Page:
With classes moving online, Wisconsin Indianhead Technical College-Superior (WITC) has donated the personal protective equipment typically used by health care students to emergency responders in Douglas County, according to a news release.

Maintenance staff at WITC collected masks, gowns, goggles and sanitizing wipes from classrooms. A batch was donated to Douglas County Emergency Management, the release said. Additional items will be donated to hospitals and volunteer fire departments.

3 PM: Madison Metro Bus Driver Tests Positive For COVID-19, Isthmus Says

Isthmus reports it obtained an email from transit general manager Natalie Erdman telling Madison Metro employees a bus driver has tested positive for COVID-19. The driver last worked March 19, according to Madison’s alternative news outlet.

The email said public health officials don’t believe the driver contracted the disease from a passenger, Isthmus reports. According to Isthmus, Madison Metro employees have voiced safety concerns for days.

Beginning Monday, Madison Metro stopped collecting fares and starting requiring passengers to enter and exit buses through the rear door. Isthmus reports Madison Metro employees have also requested danger pay and protective equipment.

A Milwaukee bus driver tested positive for the new coronavirus last week, according to officials from the Milwaukee County Transit System.

Green Bay Metro Transit has discontinued bus service as a result of the outbreak.

2:59 PM: UW-Madison Responds To Increase In Racial Incidents Spurred By New Coronavirus

Officials from the University of Wisconsin-Madison wrote to students and staff Wednesday acknowledging there’s been an increase in “bias incidents” both on campus and online against members of the community perceived to be from China.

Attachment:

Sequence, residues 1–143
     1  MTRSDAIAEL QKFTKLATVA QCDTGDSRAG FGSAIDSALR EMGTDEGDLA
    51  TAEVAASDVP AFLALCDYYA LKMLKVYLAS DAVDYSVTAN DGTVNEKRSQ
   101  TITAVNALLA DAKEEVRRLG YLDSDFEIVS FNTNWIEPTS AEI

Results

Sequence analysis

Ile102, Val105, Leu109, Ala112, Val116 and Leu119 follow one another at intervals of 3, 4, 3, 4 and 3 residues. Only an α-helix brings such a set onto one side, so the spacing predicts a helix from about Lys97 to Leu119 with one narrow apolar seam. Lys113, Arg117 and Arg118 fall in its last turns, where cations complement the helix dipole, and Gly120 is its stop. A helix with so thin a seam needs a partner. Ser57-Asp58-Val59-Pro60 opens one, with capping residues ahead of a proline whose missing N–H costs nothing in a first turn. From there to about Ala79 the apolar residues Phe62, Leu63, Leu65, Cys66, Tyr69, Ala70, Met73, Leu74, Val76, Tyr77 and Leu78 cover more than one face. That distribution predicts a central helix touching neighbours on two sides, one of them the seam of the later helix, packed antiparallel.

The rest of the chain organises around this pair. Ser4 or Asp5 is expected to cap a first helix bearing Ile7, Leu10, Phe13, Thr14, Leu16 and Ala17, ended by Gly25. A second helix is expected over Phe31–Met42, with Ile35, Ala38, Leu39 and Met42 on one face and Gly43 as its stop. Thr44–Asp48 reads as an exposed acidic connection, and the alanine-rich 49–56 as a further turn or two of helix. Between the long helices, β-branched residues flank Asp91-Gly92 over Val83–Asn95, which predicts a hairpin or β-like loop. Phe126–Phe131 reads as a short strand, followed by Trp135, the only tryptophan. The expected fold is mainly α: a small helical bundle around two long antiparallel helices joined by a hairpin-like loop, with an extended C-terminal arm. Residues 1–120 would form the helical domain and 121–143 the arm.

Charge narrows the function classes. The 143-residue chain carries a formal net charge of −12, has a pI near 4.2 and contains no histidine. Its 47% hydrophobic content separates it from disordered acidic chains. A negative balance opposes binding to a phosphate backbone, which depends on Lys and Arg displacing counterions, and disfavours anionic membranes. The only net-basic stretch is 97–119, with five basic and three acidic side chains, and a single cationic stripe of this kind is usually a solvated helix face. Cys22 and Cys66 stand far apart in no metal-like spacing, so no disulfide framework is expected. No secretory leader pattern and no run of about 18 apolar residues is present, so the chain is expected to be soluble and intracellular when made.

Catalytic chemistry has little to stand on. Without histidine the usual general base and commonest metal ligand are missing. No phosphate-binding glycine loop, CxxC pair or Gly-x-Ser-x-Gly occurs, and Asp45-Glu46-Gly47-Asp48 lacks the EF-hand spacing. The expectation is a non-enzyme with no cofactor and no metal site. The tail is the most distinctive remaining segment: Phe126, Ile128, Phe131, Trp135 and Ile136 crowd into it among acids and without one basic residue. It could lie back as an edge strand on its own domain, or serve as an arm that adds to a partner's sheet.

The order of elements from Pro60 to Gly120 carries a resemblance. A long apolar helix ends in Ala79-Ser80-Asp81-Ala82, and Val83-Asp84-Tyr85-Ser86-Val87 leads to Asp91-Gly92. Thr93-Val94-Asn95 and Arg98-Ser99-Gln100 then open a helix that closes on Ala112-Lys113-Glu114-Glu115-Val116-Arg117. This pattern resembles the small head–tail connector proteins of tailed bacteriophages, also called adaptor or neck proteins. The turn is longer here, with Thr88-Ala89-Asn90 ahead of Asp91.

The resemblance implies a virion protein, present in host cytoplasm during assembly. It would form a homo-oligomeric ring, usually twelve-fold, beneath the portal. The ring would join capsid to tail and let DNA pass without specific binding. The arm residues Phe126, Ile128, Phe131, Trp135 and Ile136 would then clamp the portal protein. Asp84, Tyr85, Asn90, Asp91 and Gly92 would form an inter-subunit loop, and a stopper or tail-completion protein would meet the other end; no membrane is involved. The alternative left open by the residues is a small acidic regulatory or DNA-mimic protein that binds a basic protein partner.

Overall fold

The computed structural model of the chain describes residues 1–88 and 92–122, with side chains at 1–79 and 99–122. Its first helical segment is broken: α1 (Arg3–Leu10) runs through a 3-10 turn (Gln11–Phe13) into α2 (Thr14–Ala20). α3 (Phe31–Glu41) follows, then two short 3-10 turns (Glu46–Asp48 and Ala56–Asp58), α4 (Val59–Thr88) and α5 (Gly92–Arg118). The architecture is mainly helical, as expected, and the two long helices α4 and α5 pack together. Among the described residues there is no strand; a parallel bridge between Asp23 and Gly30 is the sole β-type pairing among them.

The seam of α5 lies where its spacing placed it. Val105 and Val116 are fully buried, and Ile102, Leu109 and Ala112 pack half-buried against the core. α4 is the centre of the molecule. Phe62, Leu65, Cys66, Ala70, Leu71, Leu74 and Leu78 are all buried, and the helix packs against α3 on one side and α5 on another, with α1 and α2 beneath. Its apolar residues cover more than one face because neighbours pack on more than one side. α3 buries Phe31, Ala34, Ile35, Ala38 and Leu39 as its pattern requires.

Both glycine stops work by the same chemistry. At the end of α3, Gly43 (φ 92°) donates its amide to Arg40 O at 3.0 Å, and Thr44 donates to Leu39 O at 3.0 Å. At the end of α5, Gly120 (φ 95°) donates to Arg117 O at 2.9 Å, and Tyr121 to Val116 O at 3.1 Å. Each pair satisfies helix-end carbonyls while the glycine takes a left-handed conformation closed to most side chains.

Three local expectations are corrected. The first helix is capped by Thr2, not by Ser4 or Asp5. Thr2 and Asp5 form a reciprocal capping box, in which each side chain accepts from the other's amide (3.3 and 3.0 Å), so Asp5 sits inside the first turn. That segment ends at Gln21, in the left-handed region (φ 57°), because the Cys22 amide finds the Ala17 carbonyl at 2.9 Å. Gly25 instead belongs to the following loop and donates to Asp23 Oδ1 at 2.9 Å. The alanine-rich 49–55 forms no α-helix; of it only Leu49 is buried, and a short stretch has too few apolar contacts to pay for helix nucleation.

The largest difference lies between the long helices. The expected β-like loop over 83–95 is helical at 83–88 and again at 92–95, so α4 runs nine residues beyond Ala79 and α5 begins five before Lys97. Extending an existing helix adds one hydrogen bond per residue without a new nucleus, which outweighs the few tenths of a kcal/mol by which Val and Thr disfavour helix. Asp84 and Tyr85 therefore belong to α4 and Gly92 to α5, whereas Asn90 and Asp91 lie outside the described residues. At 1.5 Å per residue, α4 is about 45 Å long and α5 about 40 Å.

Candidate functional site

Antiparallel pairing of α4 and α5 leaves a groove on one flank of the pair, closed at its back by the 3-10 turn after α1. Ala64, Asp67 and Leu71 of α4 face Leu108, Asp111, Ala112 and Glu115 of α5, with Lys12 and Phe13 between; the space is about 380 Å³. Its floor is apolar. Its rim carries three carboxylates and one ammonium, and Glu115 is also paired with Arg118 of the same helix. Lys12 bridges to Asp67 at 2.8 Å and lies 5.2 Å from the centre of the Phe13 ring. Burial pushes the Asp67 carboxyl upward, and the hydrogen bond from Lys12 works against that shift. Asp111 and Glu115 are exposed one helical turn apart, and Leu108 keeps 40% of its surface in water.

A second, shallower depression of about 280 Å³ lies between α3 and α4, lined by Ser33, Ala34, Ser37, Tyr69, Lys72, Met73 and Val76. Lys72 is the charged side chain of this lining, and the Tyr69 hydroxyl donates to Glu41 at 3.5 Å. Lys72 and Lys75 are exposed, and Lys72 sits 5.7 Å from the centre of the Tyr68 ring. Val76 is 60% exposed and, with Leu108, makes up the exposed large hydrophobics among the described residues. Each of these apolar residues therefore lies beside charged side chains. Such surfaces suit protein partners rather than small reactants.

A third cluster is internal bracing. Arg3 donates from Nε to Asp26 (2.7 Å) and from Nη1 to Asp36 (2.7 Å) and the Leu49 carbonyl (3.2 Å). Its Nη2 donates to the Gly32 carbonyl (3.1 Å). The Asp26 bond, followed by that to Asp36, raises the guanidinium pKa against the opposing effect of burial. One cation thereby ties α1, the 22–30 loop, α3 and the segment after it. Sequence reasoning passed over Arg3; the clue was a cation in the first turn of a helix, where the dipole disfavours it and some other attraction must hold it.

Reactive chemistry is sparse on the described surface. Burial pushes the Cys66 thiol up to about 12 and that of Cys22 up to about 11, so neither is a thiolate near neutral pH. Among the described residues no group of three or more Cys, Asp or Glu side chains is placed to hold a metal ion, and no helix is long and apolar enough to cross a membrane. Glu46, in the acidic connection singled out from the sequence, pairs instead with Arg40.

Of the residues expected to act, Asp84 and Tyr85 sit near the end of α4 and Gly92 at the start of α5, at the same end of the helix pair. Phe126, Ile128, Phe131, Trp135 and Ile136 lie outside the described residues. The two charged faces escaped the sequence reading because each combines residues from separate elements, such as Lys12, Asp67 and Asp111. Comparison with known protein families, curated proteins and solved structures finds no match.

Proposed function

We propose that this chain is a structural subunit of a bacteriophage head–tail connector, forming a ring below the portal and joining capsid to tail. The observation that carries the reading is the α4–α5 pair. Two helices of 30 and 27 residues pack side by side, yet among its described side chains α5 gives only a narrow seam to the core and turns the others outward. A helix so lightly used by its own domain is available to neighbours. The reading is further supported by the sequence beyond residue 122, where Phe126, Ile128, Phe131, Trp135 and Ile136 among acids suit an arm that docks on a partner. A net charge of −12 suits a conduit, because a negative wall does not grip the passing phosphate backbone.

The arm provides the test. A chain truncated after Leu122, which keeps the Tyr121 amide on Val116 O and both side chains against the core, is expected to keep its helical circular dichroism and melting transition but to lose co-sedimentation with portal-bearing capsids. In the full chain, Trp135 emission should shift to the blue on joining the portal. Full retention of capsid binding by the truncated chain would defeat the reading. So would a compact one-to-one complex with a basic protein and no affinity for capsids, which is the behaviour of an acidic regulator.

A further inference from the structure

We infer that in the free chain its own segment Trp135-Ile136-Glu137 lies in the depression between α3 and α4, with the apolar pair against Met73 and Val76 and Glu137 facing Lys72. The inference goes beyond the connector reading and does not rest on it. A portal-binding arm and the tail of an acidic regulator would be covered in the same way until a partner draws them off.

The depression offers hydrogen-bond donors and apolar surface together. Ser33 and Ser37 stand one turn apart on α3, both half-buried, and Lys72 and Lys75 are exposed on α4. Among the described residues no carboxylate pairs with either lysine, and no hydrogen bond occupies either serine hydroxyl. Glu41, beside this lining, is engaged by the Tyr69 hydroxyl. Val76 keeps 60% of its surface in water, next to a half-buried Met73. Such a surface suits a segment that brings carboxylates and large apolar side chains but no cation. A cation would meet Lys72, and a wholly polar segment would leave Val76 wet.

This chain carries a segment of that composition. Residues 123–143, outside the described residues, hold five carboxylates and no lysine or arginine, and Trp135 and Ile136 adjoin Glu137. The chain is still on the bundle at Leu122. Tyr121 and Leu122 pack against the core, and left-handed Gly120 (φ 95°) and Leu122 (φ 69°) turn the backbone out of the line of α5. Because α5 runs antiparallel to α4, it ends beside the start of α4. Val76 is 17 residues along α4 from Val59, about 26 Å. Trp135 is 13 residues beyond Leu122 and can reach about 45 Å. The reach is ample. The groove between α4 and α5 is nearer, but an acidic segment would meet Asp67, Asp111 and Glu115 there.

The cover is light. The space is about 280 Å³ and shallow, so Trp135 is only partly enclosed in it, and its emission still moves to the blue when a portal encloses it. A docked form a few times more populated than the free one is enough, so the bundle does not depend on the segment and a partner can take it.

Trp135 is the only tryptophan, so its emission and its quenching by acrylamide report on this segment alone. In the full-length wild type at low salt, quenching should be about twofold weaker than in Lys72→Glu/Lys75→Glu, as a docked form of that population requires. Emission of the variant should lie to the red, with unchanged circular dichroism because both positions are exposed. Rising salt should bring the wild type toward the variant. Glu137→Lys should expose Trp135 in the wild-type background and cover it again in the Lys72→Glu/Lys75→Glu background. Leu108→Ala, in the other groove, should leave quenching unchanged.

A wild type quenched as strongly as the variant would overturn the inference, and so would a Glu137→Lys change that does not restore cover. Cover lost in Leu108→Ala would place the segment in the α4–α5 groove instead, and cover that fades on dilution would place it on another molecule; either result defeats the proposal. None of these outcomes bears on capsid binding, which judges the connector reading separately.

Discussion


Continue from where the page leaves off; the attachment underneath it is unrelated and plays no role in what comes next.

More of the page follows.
“We want to be clear that racist behaviors or stereotyping of any kind are not tolerated at UW-Madison — no matter if we are online, passing others in public or quarantined at home,” the message read.

University leaders will hold a virtual town hall Thursday for students to voice their concerns and learn more about the university’s response to the recent incidents.

2 PM: Kwik Trip, Schnucks Employees To Receive Bonuses For Working During COVID-19 Pandemic

More than 26,000 Kwik Trip employees will receive a pay increase for hours worked over a six-week period during the coronavirus outbreak, according to multiple media outlets.

Retail and support workers will receive an additional $2 per hour for hours worked during the designated period. Store leaders and truck drivers will receive an additional $100 per week, according to a letter to employees from Kwik Trip CEO Don Zietlow.

Tuesday the La Crosse-based convenience store chain announced it’s hoping to hire an additional 2,000 workers to meet the needs of customers during the outbreak.

The grocery store chain Schnucks also emailed customers Wednesday saying it will award bonuses to certain employees who work during the COVID-19 pandemic.